You're driving along in your car, and your phone rings. You could reach down and grab your phone, and hold it against your ear, but as most drivers know, that's very unsafe.

Instead, you tap on the side of your wireless earbud, and the phone call is transmitted directly into your ears. You can hold your business call, or personal call, without taking your hands, and eyes off the road.

It seems relatively reasonable, doesn't it? Well, that may be the case, but the State of New York may not completely agree.

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Can You Wear Headphones and Earbuds While Driving in NY?

As it turns out, the ability to wear headphones while driving varies by state, and depending on said state, there are some grey areas that drivers will have to be aware of. In New York, it's not completely illegal to wear headphones, but there is an important caveat to the rule. More on that in a moment.

If you're travelling out of state, the states you are allowed to wear headphones while driving in (without any exceptions) are: Alabama, Arkansas, Connecticut, Delaware, District of Columbia, Hawaii, Idaho, Indiana, Iowa, Kansas, Kentucky, Maine, Michigan, Mississippi, Missouri, Montana, Nebraska, Nevada, New Hampshire, New Jersey, New Mexico, North Carolina, North Dakota, Oklahoma, South Carolina, South Dakota, Tennessee, Texas, Utah, Vermont, West Virginia, Wisconsin and Wyoming. This information comes from the Austin American-Statesman.

Wireless earbuds (Unsplash / Zarak Khan)
Wireless earbuds (Unsplash / Zarak Khan)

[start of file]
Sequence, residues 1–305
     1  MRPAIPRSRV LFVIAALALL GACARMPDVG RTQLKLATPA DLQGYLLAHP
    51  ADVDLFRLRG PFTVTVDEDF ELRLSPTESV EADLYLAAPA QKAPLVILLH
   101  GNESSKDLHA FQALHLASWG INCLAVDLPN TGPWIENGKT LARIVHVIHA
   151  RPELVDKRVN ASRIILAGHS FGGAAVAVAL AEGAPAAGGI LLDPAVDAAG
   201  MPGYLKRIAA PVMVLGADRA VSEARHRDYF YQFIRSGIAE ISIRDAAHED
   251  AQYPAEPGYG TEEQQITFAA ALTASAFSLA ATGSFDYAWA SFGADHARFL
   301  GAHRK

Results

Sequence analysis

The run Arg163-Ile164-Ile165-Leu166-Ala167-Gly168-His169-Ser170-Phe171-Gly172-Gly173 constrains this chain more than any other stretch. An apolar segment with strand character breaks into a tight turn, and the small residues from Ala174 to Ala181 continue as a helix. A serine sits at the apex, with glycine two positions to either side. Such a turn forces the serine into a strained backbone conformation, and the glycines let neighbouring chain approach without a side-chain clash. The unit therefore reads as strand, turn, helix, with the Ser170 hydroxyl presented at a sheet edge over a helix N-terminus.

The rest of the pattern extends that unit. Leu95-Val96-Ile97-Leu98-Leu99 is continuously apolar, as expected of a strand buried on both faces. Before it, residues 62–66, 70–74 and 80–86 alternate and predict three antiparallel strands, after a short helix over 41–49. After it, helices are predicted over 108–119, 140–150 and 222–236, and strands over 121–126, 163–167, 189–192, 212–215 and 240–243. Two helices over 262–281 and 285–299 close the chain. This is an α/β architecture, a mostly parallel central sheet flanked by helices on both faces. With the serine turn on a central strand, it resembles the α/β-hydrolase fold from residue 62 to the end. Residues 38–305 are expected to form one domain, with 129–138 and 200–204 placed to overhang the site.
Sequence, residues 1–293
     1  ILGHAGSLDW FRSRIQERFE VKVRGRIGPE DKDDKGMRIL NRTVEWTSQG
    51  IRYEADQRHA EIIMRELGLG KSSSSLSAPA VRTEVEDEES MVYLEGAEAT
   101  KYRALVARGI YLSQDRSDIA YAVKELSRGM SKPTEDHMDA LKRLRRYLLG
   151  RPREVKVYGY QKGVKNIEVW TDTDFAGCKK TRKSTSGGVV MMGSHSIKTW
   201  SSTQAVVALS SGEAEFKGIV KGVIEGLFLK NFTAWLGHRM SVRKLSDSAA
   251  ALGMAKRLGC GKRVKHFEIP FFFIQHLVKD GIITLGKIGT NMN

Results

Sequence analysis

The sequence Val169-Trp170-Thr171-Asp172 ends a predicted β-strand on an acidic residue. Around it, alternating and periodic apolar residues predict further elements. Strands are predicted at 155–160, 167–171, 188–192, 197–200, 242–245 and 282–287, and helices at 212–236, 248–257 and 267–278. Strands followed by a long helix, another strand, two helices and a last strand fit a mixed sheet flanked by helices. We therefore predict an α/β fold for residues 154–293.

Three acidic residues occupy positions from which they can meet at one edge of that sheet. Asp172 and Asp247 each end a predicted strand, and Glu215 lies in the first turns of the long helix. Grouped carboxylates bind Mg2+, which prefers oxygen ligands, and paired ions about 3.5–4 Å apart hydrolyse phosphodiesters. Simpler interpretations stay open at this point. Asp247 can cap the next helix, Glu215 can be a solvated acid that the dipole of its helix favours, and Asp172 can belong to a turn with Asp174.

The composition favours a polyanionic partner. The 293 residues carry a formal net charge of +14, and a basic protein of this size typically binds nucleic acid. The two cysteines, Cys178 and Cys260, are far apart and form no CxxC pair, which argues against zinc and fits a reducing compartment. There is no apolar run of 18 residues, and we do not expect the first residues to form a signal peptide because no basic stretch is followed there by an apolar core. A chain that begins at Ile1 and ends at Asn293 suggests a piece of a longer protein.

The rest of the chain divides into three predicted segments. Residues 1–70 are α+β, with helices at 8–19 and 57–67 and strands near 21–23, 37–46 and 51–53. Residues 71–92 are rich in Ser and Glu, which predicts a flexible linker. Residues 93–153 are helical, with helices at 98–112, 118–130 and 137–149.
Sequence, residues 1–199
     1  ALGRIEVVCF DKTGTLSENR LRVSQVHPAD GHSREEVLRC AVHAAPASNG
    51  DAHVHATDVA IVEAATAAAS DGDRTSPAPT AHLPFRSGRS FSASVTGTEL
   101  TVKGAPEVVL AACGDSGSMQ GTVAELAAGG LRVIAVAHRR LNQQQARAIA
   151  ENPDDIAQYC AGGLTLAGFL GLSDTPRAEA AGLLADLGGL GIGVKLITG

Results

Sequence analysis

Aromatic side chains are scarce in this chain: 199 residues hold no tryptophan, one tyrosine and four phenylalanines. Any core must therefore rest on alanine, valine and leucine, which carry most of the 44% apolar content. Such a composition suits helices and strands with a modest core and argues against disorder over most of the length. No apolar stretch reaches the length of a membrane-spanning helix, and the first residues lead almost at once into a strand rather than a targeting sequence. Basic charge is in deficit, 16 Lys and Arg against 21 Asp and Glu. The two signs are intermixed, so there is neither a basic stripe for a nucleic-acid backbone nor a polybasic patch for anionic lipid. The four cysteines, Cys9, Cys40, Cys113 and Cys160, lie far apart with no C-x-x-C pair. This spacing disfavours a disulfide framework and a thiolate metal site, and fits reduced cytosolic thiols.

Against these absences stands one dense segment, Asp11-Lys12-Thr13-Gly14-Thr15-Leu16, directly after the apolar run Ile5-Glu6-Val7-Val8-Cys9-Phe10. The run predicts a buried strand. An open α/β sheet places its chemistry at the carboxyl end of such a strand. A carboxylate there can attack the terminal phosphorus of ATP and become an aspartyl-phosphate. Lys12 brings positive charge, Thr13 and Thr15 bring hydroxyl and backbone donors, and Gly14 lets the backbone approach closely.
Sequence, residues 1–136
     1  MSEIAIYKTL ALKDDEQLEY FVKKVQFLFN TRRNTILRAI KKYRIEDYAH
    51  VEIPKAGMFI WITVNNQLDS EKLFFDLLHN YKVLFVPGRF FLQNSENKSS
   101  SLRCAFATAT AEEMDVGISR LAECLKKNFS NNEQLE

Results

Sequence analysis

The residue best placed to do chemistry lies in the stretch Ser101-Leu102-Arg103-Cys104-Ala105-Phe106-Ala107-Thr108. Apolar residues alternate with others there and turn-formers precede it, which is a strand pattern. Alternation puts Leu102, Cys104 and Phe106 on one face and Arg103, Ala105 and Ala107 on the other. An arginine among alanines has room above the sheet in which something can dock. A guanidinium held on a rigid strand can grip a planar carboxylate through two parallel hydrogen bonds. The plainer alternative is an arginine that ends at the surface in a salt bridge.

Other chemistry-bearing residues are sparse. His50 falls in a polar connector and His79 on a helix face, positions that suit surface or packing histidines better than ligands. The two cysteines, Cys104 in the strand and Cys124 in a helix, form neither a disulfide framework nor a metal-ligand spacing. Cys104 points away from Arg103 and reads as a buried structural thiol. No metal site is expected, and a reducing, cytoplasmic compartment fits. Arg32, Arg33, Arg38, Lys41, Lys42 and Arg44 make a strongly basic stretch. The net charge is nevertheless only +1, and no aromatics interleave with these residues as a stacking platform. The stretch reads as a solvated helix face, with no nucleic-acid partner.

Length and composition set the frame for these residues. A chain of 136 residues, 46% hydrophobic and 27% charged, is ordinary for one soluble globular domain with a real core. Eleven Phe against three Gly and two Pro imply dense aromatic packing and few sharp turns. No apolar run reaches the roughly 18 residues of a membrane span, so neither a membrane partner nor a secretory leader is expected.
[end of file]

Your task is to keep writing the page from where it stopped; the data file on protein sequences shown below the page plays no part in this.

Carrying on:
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Meanwhile, it is completely illegal, no questions asked, to wear them in these states: Alaska, California, Louisiana, Maryland, Minnesota, Ohio, Rhode Island, Virginia and Washington State.

Now, let's get to New York. They fall somewhere in the middle of the two, in a grey area. New Yorkers are allowed to wear headphones, but only in one ear. You cannot wear earbuds in both ears; that is considered illegal in the state.

In my opinion, New York is in the perfect position when it comes to this ruling. Making earbuds completely illegal, in my mind, is unnecessary, as many Bluetooth-capable earbuds can benefit drivers who do not have cars equipped with Bluetooth. That said, allowing (and wearing) earbuds in both ears limit a driver's ability to hear things going on on the road, including car horns, emergency vehicle sirens and much more.

Different designs of Apple AirPods (Unsplash / Daniel Romero)
Different designs of Apple AirPods (Unsplash / Daniel Romero)
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So, if you're on the Northway, the Thruway, or one of the other countless roads in New York State, and someone calls you, feel free to pop in an earbuds to talk to them without using your hands.

Just make sure you keep the other earbud in its case. It's the law, after all.

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